Fracking brings good and bad to Ohio county

by Policy Matters Ohio on April 10th, 2014
April 10th, 2014
   
For immediate release
Contact Amanda Woodrum, 216.361.9801
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Study examines impact of drilling on economy, housing, traffic, key services 

Shale development is changing the economy, environment and culture of Carroll County, Ohio, and other communities around the state, according to a study released today by Policy Matters.

“It’s a complicated story,” said Amanda Woodrum, report author and Policy Matters researcher. “Whether fracking ultimately helps or hurts the local economy will depend on whether the money stays local, where the gas is refined, who gets the jobs and business, and what the costs are to the community, the environment and public health.” 

The study found that:

  • Fewer jobs than promised are being created, with many going to out-of-state workers;
  • Some companies doing drilling-related work in Carroll County are buying local and landowners are spending signing bonuses in the community, leading to a 31 percent increase in sales tax receipts in the county (an indicator of increased economic activity);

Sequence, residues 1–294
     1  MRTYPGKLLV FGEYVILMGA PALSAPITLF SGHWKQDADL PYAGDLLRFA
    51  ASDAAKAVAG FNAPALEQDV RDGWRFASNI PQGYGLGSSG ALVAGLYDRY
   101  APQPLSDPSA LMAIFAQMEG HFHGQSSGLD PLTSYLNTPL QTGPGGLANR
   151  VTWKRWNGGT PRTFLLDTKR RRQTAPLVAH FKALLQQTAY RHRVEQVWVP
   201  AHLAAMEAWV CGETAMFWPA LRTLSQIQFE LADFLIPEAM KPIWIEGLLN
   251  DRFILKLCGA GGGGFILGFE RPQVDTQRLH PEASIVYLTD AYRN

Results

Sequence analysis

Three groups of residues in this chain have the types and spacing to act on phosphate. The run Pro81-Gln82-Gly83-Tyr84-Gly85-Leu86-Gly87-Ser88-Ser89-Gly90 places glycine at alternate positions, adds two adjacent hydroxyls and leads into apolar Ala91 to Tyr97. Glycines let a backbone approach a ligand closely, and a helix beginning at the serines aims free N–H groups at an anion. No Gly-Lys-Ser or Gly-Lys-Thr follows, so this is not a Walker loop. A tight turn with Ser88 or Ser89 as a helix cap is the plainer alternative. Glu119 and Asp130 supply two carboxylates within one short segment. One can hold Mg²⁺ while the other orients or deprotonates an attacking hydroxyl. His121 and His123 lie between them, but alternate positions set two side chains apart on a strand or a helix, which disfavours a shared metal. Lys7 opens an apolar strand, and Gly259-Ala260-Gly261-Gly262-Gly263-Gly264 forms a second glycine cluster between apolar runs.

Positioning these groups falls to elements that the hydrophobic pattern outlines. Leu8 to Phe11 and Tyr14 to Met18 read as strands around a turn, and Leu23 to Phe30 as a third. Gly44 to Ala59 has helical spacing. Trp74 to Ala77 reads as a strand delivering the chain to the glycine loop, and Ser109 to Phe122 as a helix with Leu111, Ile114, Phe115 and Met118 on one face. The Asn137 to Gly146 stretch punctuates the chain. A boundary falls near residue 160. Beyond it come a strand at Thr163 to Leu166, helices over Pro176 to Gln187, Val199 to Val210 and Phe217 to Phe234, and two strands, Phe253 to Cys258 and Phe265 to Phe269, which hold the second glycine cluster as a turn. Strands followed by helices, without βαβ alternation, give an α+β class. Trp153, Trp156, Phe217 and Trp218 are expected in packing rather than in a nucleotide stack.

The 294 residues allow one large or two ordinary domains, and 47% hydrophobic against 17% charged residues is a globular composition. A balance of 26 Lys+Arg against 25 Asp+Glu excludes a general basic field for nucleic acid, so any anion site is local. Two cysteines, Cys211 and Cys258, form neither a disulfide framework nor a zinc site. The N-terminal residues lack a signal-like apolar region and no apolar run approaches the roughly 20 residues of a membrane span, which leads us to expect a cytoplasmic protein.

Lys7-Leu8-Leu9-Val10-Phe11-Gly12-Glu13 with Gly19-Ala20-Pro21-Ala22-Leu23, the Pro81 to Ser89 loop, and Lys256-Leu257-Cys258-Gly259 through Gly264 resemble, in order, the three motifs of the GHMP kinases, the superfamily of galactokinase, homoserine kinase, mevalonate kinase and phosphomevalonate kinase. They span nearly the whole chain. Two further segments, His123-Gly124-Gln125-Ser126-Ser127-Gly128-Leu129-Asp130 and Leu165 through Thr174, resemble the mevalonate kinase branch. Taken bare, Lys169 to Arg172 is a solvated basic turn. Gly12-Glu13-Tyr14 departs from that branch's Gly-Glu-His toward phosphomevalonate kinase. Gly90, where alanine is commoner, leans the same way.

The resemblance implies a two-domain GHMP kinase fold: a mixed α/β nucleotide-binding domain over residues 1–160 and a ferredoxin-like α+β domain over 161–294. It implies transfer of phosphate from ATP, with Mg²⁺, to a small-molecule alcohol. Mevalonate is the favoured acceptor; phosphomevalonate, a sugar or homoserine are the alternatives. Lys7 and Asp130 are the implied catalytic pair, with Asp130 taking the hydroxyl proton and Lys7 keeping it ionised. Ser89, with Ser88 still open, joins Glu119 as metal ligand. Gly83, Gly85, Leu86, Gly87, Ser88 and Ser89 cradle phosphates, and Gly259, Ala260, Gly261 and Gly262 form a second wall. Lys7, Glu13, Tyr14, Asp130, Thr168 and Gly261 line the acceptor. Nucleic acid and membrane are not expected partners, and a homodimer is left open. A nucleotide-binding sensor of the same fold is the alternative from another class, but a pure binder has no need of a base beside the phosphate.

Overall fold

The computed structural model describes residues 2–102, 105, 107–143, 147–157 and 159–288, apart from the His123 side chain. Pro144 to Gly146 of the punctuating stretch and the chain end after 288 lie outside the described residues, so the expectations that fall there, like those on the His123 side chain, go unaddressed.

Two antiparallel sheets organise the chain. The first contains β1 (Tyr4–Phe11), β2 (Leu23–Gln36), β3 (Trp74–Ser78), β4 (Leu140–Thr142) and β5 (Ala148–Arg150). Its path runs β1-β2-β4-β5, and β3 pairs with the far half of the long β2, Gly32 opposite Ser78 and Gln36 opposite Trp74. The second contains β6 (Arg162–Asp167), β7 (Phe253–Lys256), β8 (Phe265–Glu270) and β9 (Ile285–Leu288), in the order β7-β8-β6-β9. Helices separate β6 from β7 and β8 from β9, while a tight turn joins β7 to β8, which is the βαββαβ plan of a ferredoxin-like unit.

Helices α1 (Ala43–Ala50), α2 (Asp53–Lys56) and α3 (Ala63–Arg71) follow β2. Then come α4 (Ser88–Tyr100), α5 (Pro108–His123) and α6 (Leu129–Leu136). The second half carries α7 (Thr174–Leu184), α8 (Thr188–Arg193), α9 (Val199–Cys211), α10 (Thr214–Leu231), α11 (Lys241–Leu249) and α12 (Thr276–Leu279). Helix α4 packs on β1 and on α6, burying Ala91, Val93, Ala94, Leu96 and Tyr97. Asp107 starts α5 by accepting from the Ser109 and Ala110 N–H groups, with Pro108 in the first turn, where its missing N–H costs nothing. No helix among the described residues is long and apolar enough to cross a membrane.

• Increased truck traffic on roads not built to handle heavy loads and big trucks is causing wear and tear and a higher rate of accidents;
  • Rents are rising, becoming unaffordable for some residents;
  • Increased economic activity is boosting local government revenues.

“Overall, the economic benefits of fracking fall far short of what was promised and come with costs to safety, the environment and the community,” said Woodrum.

The report recommends a stronger severance tax, in keeping with that of other drilling states. “Ohio should increase its severance tax to 5 percent and use the revenue for industry oversight and regulation, and for covering community costs,” said Woodrum.

Other recommendations outlined in the report include putting in place additional taxation with revenues set aside in Ohio’s Advanced Energy Fund; forming local taskforces to identify issues, consider solutions, and open dialogue; better state monitoring of water quality and other environmental health issues; new pollution control requirements; and policies to require local hiring for fracking-related jobs and provision of health insurance. “Ohio should also diversify our energy portfolio to be less reliant on fossil fuels in the future,” said Woodrum.

The Carroll County study is part of a larger effort by the Multi-State Shale Collaborative, of which Policy Matters is a member. Other Collaborative members examined the impact of shale drilling in Greene and Tioga counties in Pennsylvania and Wetzel County in West Virginia.

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